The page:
And let our people also learn to maintain good works, to meet urgent needs, that they may not be unfruitful. (Titus 3:14, NKJV)
We must not only learn to walk in good works, we must also learn to maintain them (Ephesians 2:10; 5:2, 8, 15). The word Paul used for “maintain” in today’s verse means to “stand before” or to “preside” (Strong’s). We must learn to preside over our conduct by continuing to do good works without neglect. Instead of losing interest in doing good, we must supervise our attitudes so that we look for opportunities to do what is good and right. Paul said, “And let us not grow weary while doing good, for in due season we shall reap if we do not lose heart. Therefore, as we have opportunity, let us do good to all, especially to those who are of the household of faith” (Galatians 6:9-10). By maintaining good works we are able to meet the essential needs that arise (“urgent needs”), fruitfully fulfilling the Lord’s work. A diligent heart to do God’s will keeps on practicing good works. Without supervising our hearts, weariness and apathy will lead us to neglect our responsibility to do good to all.
This is a faithful saying, and these things I want you to affirm constantly, that those who have believed in God should be careful to maintain good works. These things are good and profitable to men. (Titus 3:8, NKJV)
Paul, the apostle of Christ, exhorted Titus to constantly assert that Christians should concentrate on practicing good works. We must fight the temptation to rely on the accomplishments of the past to define our faith in the present, as well as in the future. When Paul said to “maintain” good works, he used a word that means “to take the lead in” devoting oneself to the moral duty we have to God. We are obliged before God to practice the good works of God (Eph. 2:10). Paul had just told Titus to remind the brethren to these good works (Titus 2:11-12; 3:1-3). Use today to reinvigorate your decision to carefully practice the good works of moral purity and doctrinal fidelity. Those around you will profit from your faithful life.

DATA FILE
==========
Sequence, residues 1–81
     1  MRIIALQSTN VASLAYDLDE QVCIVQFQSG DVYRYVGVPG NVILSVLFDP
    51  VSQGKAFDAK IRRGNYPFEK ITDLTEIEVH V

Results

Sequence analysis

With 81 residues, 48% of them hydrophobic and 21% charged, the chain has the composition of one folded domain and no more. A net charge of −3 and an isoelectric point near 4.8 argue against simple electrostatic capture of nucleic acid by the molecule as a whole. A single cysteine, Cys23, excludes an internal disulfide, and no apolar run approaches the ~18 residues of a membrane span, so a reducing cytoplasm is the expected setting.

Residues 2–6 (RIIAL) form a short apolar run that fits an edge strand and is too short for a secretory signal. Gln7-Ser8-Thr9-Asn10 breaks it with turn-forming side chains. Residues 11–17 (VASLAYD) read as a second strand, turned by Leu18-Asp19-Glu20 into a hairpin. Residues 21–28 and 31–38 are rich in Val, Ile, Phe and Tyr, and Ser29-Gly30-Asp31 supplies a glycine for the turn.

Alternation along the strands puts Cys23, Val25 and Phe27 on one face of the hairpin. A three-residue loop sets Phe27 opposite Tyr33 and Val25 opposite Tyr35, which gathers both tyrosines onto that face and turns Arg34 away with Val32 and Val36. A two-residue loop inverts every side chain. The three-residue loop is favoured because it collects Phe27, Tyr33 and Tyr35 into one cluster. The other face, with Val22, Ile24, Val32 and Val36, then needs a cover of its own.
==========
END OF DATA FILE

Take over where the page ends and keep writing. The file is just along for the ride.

For we are His workmanship, created in Christ Jesus for good works, which God prepared beforehand that we should walk in them.” (Ephesians 2:10, NKJV)
Having been saved “by grace, through faith” and not by our merit, Christians are the workmanship of God. We are His creation object: “Therefore, if anyone is in Christ, he is a new creation; old things have passed away; behold all things have become new” (2 Cor. 5:17, NKJV). From eternity past, God prepared the “good works” in which we should walk: “He chose us in Him before the foundation of the world, that we should be holy and without blame before Him in love” (Eph. 1:4). Each day we are to walk in “true righteousness and holiness”, not in the sin from which Christ saved us (Eph. 4:24). The inspired Scriptures equip us in God’s good works (2 Tim. 3:16-17). How thoughtless and thankless it would be to turn back to sin instead of faithfully living as God’s workmanship: saved, forgiven, and walking in God’s good works.